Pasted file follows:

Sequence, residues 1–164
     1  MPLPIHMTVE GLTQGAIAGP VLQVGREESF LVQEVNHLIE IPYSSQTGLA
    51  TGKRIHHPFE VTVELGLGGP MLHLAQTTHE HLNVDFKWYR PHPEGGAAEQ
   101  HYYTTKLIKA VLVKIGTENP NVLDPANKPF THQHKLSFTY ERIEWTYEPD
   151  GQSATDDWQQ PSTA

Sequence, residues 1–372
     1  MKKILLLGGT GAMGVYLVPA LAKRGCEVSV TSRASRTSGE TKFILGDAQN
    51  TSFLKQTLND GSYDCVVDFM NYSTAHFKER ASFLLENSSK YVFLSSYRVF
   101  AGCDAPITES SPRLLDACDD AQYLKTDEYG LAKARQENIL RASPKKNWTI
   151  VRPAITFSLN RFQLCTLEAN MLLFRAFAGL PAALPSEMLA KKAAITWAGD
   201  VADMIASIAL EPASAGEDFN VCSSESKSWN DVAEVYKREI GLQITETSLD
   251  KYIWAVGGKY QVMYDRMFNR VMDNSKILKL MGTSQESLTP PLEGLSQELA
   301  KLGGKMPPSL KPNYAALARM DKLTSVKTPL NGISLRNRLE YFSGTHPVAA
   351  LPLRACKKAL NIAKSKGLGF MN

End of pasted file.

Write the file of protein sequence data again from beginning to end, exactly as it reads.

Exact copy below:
Sequence, residues 1–164
     1  MPLPIHMTVE GLTQGAIAGP VLQVGREESF LVQEVNHLIE IPYSSQTGLA
    51  TGKRIHHPFE VTVELGLGGP MLHLAQTTHE HLNVDFKWYR PHPEGGAAEQ
   101  HYYTTKLIKA VLVKIGTENP NVLDPANKPF THQHKLSFTY ERIEWTYEPD
   151  GQSATDDWQQ PSTA

Sequence, residues 1–372
     1  MKKILLLGGT GAMGVYLVPA LAKRGCEVSV TSRASRTSGE TKFILGDAQN
    51  TSFLKQTLND GSYDCVVDFM NYSTAHFKER ASFLLENSSK YVFLSSYRVF
   101  AGCDAPITES SPRLLDACDD AQYLKTDEYG LAKARQENIL RASPKKNWTI
   151  VRPAITFSLN RFQLCTLEAN MLLFRAFAGL PAALPSEMLA KKAAITWAGD
   201  VADMIASIAL EPASAGEDFN VCSSESKSWN DVAEVYKREI GLQITETSLD
   251  KYIWAVGGKY QVMYDRMFNR VMDNSKILKL MGTSQESLTP PLEGLSQELA
   301  KLGGKMPPSL KPNYAALARM DKLTSVKTPL NGISLRNRLE YFSGTHPVAA
   351  LPLRACKKAL NIAKSKGLGF MN